Red Hat Bugzilla – Bug 122873
Change in kernel between Red Hat Linux 9 and Fedora Core 1 breaks compatiblity with Maple 7
Last modified: 2015-01-04 17:05:45 EST
Description of problem:
I cannot run Maple 7 since I upgraded from Red Hat Linux 9 to Fedora
Core 1. Maple is a mathmatical tool program published by Waterloo
Maple Inc., of Waterloo, Ontario, Canada. Information can be found at
Version-Release number of selected component (if applicable):
Steps to Reproduce:
1. Install Maple 7 Linux Single User
2. Implement the Red Hat Linux 9 fix found at
3. Run xmaple.
Maple opens, but an error dialog comes up saying that there was a
startup error. If you click on the "Details..." button, it says
"Kernel server failure:". At the commandline, an error message says,
"could not create kernel, /usr/local/maple_su/bin.IBM_INTEL_LINUX/mserver
could not start server"
Maple should have started normally.
Waterloo Maple isn't going to fix this, so I hope that you guys can.
I'm sure that it was a minor change from 2.4.20 to 2.4.22 that caused
well clearly we need more info to even maybe get a handle on this one.
Any clues about what goes wrong?
Is this strace-able or is it enormous if you do so ?
Actually, I figured out what the problem is this morning. It was
giving another error message that I was ignoring, about not being able
to look up my host. GNOME was complaining about not being about to
look up my the internet address for my hostname either. I'm just on a
home network with 192.168.0.x addresses for my computers, and only one
computer has the actual internet connection, the rest piggy back off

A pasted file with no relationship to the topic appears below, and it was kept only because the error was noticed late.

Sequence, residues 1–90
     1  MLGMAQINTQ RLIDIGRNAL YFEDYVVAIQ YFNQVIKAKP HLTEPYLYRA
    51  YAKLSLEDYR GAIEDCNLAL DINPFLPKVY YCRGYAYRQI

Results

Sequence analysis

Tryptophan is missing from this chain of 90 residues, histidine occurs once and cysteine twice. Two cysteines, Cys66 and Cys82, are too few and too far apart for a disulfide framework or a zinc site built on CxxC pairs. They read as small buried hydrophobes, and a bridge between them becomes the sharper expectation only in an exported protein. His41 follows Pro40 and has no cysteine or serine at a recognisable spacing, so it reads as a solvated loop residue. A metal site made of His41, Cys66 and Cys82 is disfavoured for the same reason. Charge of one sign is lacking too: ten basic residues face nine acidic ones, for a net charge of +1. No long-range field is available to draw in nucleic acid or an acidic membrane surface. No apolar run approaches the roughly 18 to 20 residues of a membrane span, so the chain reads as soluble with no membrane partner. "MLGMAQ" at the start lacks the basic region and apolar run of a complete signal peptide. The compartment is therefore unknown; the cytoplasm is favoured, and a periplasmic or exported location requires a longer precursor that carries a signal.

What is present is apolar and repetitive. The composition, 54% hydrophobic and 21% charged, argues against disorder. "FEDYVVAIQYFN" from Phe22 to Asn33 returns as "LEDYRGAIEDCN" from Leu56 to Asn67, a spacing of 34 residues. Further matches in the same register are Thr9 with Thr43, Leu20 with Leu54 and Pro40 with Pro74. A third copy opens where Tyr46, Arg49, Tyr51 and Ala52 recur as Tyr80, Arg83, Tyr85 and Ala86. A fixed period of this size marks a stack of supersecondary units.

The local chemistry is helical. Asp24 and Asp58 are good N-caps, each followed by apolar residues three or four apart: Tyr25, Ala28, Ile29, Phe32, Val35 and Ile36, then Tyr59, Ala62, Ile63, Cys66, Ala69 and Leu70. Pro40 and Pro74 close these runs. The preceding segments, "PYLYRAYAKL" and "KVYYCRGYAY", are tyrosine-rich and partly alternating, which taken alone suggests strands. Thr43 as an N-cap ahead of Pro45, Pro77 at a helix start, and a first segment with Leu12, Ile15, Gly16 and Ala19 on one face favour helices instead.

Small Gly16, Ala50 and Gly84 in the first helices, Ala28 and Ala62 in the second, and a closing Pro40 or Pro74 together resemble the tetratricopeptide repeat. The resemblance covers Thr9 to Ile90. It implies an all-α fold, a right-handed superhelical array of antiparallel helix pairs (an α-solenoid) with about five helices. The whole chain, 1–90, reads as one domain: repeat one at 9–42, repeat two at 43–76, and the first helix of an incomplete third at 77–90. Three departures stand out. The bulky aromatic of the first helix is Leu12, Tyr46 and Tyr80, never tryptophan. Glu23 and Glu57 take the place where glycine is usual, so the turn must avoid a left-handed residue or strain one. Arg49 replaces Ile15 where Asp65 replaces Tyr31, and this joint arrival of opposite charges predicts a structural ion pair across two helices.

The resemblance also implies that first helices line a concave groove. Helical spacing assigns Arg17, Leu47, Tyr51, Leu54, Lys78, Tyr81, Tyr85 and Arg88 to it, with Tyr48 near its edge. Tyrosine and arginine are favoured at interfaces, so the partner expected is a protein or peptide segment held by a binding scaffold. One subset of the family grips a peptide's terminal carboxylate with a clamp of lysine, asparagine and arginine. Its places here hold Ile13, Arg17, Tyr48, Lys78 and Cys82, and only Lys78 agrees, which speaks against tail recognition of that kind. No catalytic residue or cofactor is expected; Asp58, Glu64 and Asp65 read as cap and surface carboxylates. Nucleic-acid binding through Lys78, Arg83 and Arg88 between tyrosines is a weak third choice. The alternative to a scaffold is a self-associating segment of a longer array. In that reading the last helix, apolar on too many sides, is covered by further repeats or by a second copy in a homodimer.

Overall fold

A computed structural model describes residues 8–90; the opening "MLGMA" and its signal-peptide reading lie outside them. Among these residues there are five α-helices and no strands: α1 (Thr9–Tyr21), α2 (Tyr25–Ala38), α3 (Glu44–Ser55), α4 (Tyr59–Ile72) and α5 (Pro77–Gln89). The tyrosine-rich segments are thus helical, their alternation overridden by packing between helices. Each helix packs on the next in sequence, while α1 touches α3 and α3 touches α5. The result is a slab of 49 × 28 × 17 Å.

I figured that the messages about this were irrelevant, but it wasn't.
the entry in my /etc/hosts file read:
resistance 127.0.0.1 localhost.localdomain localhost
During the Fedora installation, it said something like, "you can name
your computer if you want to," and I thought, "Wow, that's kind of
cool, I can make up a name for my computer." So I named it
resistance. Boy was that misleading. All that I had to do was delete
the hostname from the /etc/hosts file, and then both Maple and GNOME
worked without error messages.
I'm not sure if this is a problem with Anaconda or Anaconda-help,
because I don't remember whether it was the installation program or
the help off to the left in the GUI that inspired me to give my
computer a name, so I chose Anaconda, and I have lowered the severity
of the bug. I think that whatever propmts the user to name their
computer needs to be more explicit as to what naming their computer
entails; because for people who do not have a permanent hostname,
apparently it entails some programs that screw around with networking
not working properly, and giving error messages about the kernel, when
the real problem is networking.
Sorry for the inconvenience to the kernel guys. If you still want me
to run strace, I will.